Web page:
Des fleurs contemporaines aux pétales triangulaires, superposés, agrémentés de pistils. Des fleurs inédites qui rappellent parfois le volume d’un dahlia ou d’un camélia... Karuna était prédestinée à devenir horticultrice textile. Lors des festivités sur l’île Maurice, où elle est née, elle a toujours vu sa mère avec une fleur dans sa longue chevelure noire. Réminiscence d’une tradition indienne, que les femmes de la famille n’ont jamais abandonnée... « Mon père, lui, était jardinier », précise-t-elle. Très jeune, elle prend conscience qu’une fleur dans les cheveux adoucit le regard des gens. Elle en fait donc son signe de reconnaissance et les porte tous les jours. Karuna est la version contemporaine des Guillet, des Lemarié et de toutes les autres fleuristières d’autrefois. Ces petites mains, qui réalisaient des roses, des œillets ou encore des violettes, à accrocher sur les chapeaux, ont malheureusement disparu dans les années 60. Quand le pape a décidé, qu’entrer dans une église tête nue n’était plus sacrilège... Comme elles, Karuna passe des heures à couper, coudre, plisser délicatement les tissus précieux pour les transformer en pétales parfaitement identiques. Un travail fou de précision qu’elle réalise avec de l’organza vintage, la soie idéale. Comme un encouragement, Karuna a hérité du stock d’une ancienne fleuristière. Dans son atelier, elle entreprend alors un véritable voyage dans le passé... Elle découvre des mètres de ribouldingue (un tissu des années 1930 à la surface nervurée) que l’on n’utilise plus aujourd’hui, des boîtes jaunies emplies de pistils et de pétales de velours, des micro-bouteilles de teintures étiquetées Nymphéa ou encore Bouton d’Or, des outils. Ainsi, elle ressuscite des techniques anciennes et les réinterprète, en les hybridant avec d’autres procédés. Le nouveau bonheur des dames.

www.karunaballoo.fr

 

 

Double face

Behind each jewel a watch is hidden…
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boucheronduoSecret watch Khepri - Boucheron


Home page picture : Harry Winston


At the end of the 18th century, the first secret watches abided by demands of social decorum – to show the hour in polite society was badly seen and supposed that one was bored. Today, such watches satisfy the desire to wear unusual and surprising pieces. To seek them out, firstly look carefully at the jewel, and then turn it to discover the tiny, secret mechanism, which was created by both the jeweller and watchmaker together. Lightly press the push piece of the Hermès’ bracelet or gently pull on the ring of a Van Cleef & Arpels’ and there it is, the watchcase appears! “A real curiosity, especially in Europe”, points out Stéphane Belmont, international marketing director of Jaeger-LeCoutre, which is the pioneer of such watches. “Middle Eastern and Chinese customers are not so taken by the pieces. They prefer much more straight forward and easily identifiable watches.” There’s lots of humour and poetry to be found in these secret watches, where fauna and flora play out the fantasy of what’s secret and hidden, and ready to be discovered among some of jewellers’ particularly favourite themes. For Boucheron, the watch is discovered once the insect takes flight displaying its lapis lazuli wings, whereas at Cartier, it’s hidden in the mouth of a panther. Evidence of the crisis and of the economy’s downturn is certainly not to be found in these two-in-one pieces. Far from an easy-to-wear jewellery piece, these watches are part of the transformable jewellery range very present in the latest collections - in pieces that double the pleasure.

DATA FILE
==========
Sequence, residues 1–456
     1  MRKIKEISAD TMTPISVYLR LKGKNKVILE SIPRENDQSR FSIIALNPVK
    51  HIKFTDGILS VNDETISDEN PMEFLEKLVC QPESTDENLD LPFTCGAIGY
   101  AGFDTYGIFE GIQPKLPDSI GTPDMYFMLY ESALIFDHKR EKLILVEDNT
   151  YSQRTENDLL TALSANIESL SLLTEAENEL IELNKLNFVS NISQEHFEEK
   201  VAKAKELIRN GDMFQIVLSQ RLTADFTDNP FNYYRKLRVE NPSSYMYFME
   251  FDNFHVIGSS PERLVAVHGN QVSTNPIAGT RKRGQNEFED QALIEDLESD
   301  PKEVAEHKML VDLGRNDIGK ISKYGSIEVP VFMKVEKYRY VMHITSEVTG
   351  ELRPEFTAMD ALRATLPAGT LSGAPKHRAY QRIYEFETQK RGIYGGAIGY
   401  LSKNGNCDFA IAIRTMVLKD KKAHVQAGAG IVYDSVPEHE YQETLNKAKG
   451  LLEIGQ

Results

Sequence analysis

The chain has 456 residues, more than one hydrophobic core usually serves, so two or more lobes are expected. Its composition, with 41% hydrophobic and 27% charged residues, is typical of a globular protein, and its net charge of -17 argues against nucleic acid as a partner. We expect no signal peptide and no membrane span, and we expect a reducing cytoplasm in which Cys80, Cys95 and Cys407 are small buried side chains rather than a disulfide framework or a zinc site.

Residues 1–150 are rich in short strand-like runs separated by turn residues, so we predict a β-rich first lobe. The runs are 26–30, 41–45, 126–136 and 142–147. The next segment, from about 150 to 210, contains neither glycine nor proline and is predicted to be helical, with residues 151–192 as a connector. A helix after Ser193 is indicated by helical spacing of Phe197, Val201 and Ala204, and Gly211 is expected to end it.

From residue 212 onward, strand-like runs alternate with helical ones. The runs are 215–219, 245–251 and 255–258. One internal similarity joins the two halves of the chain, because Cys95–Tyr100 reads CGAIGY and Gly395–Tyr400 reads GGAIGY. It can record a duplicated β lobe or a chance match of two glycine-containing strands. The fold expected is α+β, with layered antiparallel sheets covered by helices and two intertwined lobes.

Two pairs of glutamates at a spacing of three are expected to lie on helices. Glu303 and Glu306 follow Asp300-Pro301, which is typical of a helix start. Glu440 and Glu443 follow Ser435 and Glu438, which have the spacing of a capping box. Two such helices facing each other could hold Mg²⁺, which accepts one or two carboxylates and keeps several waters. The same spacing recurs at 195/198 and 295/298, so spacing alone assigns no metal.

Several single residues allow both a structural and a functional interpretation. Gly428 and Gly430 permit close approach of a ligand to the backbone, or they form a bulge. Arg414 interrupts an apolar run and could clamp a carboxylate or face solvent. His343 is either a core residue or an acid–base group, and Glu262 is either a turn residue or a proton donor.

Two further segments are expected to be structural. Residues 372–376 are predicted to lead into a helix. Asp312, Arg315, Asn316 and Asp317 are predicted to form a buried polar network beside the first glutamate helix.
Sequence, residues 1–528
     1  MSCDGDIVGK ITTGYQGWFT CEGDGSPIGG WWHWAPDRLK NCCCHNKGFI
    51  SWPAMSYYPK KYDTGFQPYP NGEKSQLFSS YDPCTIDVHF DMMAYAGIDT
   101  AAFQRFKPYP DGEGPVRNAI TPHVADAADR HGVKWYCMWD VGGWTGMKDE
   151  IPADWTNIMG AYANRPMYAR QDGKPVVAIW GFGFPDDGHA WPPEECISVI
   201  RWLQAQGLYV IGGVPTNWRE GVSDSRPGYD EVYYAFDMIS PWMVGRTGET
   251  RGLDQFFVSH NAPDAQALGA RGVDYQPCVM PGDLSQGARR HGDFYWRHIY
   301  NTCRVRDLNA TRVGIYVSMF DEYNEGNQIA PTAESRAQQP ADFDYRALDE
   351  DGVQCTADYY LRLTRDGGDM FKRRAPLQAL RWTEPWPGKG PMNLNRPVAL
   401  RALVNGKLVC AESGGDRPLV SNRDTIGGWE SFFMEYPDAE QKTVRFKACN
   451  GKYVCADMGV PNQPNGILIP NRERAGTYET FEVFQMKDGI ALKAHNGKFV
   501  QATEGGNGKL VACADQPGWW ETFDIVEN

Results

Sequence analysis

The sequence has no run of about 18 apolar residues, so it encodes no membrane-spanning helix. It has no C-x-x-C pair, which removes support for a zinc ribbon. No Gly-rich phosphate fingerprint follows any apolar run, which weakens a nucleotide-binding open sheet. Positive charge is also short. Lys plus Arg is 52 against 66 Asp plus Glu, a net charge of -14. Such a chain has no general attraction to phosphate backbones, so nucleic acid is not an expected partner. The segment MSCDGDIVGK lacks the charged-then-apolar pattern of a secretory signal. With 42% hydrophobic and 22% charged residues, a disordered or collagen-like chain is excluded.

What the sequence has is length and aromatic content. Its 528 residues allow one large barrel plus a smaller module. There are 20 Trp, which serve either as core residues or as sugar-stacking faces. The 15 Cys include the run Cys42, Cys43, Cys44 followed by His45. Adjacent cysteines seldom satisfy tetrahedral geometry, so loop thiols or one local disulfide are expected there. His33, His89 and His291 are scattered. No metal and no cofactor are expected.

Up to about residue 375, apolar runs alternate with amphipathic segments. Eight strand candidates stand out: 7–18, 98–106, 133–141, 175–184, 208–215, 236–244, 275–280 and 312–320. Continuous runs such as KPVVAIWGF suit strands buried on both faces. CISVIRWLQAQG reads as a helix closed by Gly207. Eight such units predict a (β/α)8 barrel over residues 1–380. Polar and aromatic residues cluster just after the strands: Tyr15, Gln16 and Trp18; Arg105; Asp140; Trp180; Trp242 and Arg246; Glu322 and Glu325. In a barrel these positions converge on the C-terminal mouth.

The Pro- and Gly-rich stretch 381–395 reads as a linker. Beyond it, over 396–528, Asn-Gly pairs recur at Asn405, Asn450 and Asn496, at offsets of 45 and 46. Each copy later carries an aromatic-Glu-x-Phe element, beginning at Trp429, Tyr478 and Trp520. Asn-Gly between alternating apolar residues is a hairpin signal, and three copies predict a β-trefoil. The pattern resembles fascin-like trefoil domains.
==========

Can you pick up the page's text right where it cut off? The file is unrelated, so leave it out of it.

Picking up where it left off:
www.boucheron.com/fr

www.harrywinston.com

 

 
Know how, Watches 7 novembre 2012

Erotic watches, love’s finest hours

Relatively unknown to the general public, these saucy fob-watches miraculously survive.
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sandrine-merle-montre-erotique


Born out of a reaction against the rigors of Calvinism, which reigned in Geneva and throughout Switzerland at the outset of the 19th century, they were thus forbidden by the Church. And so, it was out of the question to include them in a bride’s glory box as gifts for the maids of honor! Men would no longer able to present these so-called “conversation pieces” to the young ladies they courted. Made and sold under-the-counter by watchmakers, they hold their own when it comes to the ingenuity they display for concealing their lewd imagery, sometimes hidden within double case-backs or under watchcovers opened with secret buttons. Each would be seized and destroyed on the spot. Europeans purchased most of the surviving watches after the sacking of the summer palace in Peking during the Boxer Rebellion. In fact, there were many in China. Right from the very appearance of these watches, this country showed a delight for them. And it’s still the case today, as Chinese buyers throng auctions like the one organized in March 2011 by the Swiss house Antiquorum, a specialist in this domain. Chinese buyers bought up models by such names as Breguet and James Cox. This clientele have also largely served to drive up prices, like in the case of Music d’Amour, a pocket watch by Geneva watchmaker Henry-Daniel Capt, dating from 1810. Originally estimated at between €55,000 to €70,000, this watch finally sold for €153,120.

www.antiquorum.com